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The Science of “Not-Teaching”

I stood at the edge of the training area with one of the brown belt Trainers. She and I were watching a group of new students as they practiced punching into padded targets.

“Look good, don’t they? Bodies moving with the arm extension. Hitting the targets well. Getting good results. Having fun.”

She nodded silently in agreement.

I pointed at one of the white belt students, a middle aged contractor who built luxury homes in our city. “You know, he could get more impact and penetration if he would just allow his shoulder to release a little bit more. Then he could push through a little more just at the end of his punch. All he needs is a little more shoulder joint articulation.”

She nodded dutifully and moved to step into the training area, assuming I wanted her to share the instruction even though it was not her class to coach.

I said quickly, “But don’t dare mention it to him.”

She looked curious and confused. Her face asked an unspoken “Huh?”

“That student wouldn’t be able to do that little shoulder extension even if we pointed it out to him. He does not have the depth of experience to make it work yet. But it’s OK. He is having fun. He’s doing much better than before. If he really hit someone with that punch, he would certainly create an effect. I’d say that for an average person training for two months, he is doing great. I’d give him a good B+. By next month, he could be an A technician in terms of what I want a three-month student to be able to do.”

I smiled and asked her to throw some shoulder extension punches. She threw a few self-conscious shadow-boxing hits. The moves looked good.

“By the way, that little shoulder extension should be taught at somewhere after a year of training for most people. By then, they are ready for some tips about how to get more out of an old friend like our basic cross-body punch. But if we tell him too soon, he will not be able to do it, and will spend too much time, attention, and effort trying to get it to work. It will actually get in the way of what is working for him now. What I want right now is for him to have the experience of building his confidence and enthusiasm for To-Shin Do by getting good results from the punch. We allow his subconscious mind to enjoy realizing two things. First, he can do this stuff. Second, this stuff works!”

Just to be ornery, I pointed out another white belt student. “Hey! What about that one? Seems like he almost has that little shoulder extension in there already. What does that tell you?”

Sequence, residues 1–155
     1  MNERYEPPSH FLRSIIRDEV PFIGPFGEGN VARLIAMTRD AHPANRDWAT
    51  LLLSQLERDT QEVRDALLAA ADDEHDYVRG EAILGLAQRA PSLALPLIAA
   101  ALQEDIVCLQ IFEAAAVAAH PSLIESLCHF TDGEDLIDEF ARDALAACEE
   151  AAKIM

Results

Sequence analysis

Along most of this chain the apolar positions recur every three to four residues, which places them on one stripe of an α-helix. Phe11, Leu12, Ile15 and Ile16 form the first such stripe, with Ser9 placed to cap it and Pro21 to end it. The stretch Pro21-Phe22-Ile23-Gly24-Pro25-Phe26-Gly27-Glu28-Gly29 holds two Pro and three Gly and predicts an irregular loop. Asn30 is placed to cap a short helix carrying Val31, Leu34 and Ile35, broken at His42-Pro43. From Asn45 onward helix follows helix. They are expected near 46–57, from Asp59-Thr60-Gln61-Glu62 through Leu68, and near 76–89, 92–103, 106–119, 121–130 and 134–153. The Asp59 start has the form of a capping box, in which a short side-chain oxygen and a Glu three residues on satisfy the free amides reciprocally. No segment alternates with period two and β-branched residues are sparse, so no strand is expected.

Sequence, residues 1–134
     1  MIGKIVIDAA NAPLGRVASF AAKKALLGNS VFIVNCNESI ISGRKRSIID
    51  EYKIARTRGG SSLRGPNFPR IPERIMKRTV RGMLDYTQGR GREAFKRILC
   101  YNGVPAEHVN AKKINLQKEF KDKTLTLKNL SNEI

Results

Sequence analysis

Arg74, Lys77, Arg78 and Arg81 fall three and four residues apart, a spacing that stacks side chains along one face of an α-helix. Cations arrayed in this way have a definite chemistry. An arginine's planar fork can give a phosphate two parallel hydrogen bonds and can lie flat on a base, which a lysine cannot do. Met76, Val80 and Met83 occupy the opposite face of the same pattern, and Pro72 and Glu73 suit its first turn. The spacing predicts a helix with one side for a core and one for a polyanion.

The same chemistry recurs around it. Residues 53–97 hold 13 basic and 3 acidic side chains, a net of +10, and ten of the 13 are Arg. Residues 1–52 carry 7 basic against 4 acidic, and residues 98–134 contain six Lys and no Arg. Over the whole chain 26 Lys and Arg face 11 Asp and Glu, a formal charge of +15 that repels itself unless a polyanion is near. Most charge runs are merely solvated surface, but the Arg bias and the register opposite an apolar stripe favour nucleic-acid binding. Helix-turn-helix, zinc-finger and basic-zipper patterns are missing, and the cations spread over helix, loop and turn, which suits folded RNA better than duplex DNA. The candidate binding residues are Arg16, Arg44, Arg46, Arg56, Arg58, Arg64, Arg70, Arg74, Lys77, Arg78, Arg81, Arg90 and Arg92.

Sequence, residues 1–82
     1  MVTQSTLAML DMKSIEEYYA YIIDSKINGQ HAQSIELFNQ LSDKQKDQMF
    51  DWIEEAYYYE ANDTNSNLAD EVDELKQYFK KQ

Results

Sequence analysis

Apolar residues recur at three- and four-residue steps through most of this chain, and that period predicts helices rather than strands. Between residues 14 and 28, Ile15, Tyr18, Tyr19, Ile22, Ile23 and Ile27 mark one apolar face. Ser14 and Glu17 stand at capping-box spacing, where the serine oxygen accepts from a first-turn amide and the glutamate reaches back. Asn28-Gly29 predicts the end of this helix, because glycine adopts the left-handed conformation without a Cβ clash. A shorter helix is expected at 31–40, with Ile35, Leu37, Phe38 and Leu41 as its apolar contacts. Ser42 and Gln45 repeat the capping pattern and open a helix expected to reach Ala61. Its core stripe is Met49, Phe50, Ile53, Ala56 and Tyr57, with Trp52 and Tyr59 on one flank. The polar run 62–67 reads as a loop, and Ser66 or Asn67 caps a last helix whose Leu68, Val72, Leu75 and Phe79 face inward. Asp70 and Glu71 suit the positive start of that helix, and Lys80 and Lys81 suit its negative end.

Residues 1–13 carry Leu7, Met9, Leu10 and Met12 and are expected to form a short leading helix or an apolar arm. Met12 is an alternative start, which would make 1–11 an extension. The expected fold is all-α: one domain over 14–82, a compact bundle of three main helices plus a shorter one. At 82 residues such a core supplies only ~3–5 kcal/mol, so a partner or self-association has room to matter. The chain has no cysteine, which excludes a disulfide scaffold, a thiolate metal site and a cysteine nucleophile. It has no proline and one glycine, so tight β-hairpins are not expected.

She hesitated. “Maybe he already has some experience?”

“Good observation. Or maybe he is more astute, or has more innate capability. Keep your eye on him. He could progress faster than average. Give him a little extra coaching, but don’t alter the truth for all students.”

She looked at me again and asked, “Why one year? Couldn’t they pick it up sooner than a year if they tried real hard?”

“Well, yes they could, but there are more important things to work on first. At yellow belt, we will introduce him to timing and distancing with carefully controlled limited-choice sparring in a toe-to-toe nose-to-nose confrontation simulation. By blue belt, we will add footwork and angling to allow him to be harder to reach. That will really take a lot of attention on his part. So we have a choice. Given only so much attention to all these new things, which thing is most important at this moment? I’d say that a ten to fifteen-percent gain in punching power is important, but not as important as gaining experience in thinking on his feet in terms of positioning so as to be hard to hit and yet ready to come back with a fight-stopping counter hit.

“His eighty-percent punch is good enough for now. Let’s let him get a little further with his decision-making skills under pressure. When those skills get to about seventy to eighty percent, and he starts to get a little cocky, and he will get a little cocky about then, we will show him that little shoulder extension trick. He will be ready to learn something new about that old punch then. He will be amazed at how that little difference will allow him to do so much more. And he will be impressed that you as his coach know so much about how to get the best out of him. By the way, that is the third piece of subconscious programming that you need to help him gain. He has to know that his teachers and coaches care about him and have the knowledge and ability to bring out the best in him.”

She looked sideways at me, perhaps noting silently that my instructors had probably played the same trick on her back in her blue belt days.

“So, as tempting as it is to jump in right now and show him that little shoulder trick, it is in his best interest to let him cruise a bit at seventy to eighty percent efficiency. As much as you want to teach it, don’t. If the student can’t handle it or make it work, then it would not really be teaching, would it? It would be you…”

“Showing off.”

“Yes. And as a teacher, who do you want to have the best time around here?”

“The student?”

“Absolutely. Don’t you feel so much more alive yourself when the students are having a great experience in your class? When the student wins, we win.”

One Response to The Science of “Not-Teaching”

  1. Trimelda July 17, 2014 at 3:55 pm #

    Interesting and insightful. I have taught martial arts now for 41 years. The idea, which I got from my long ago seminar with Teacher Hayes, is to help empower people at whatever level they happen to be at the time, The core of that empowerment is going with the student where he or she is-not as I would have them to be. It is very wise not to jump in and correct every little thing before its time. The student is guided but not forced to become the icon of the teacher.

    Very smart.

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